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Erupting Chile Villarrica volcano forces thousands from homes

Communities around the Villarrica volcano in southern Chile have been forced to flee, after the peak's first eruption in 15 years sent ash and lava into the air. The volcano is one of South America's most active.

The 2,874-meter volcano (9,340 feet) began to erupt early Tuesday morning, forcing Chile's National Emergency Office to issue a red alert and order evacuations.

Villarrica spewed lava and ash up to three kilometers into the sky, but has now settled down.

Interior Minister Rodrigo Penailillo said more than 4,000 people were taken elsewhere as a preventative measure. Most have since returned to their homes.

The government has ordered an exclusion zone to remain until Wednesday for a 10-kilometer radius around the volcano, around 760 kilometers south of the capital Santiago.

A major lava flow is not expected, but that could change, authorities have said. There is the possibility of mudslides, as rivers rise from the melting snow that covers the sides of the mountain.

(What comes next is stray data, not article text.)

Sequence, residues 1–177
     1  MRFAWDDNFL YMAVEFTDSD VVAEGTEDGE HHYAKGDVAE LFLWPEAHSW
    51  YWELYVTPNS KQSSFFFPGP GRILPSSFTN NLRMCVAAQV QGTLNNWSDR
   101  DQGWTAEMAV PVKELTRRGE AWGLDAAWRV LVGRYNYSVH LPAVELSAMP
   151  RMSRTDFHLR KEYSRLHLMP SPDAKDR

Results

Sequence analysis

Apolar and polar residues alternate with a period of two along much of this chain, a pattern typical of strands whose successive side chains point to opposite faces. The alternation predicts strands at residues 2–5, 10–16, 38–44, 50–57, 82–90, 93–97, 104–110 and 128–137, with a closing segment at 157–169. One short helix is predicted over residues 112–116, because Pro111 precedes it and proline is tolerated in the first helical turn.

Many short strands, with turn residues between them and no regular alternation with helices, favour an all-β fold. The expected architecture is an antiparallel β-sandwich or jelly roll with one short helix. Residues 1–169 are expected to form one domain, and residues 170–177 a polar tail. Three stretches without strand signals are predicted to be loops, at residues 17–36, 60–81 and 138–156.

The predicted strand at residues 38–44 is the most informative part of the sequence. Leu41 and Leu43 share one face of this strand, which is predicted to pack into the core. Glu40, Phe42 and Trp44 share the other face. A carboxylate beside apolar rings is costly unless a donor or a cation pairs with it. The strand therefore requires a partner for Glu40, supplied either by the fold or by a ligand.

Ash from the volcano is under the flight paths used by commercial airliners, and flights have been unaffected.

"It was the most amazing thing I've ever seen," Australian tourist Travis Armstrong told news agency AP.

"I've never seen a volcano erupt and it was spewing lava and ash hundreds of meters into the air. Lightning was striking down at the volcano from the ash cloud that formed from the eruption."

President Michelle Bachelet flew over the affected areas after holding an emergency cabinet meeting.

Chile has the second largest chain of volcanoes in the world after Indonesia, including around 500 that are potentially active. Villarrica last erupted in 1984 and 2000.

jr/jil (Reuters, dpa, AP)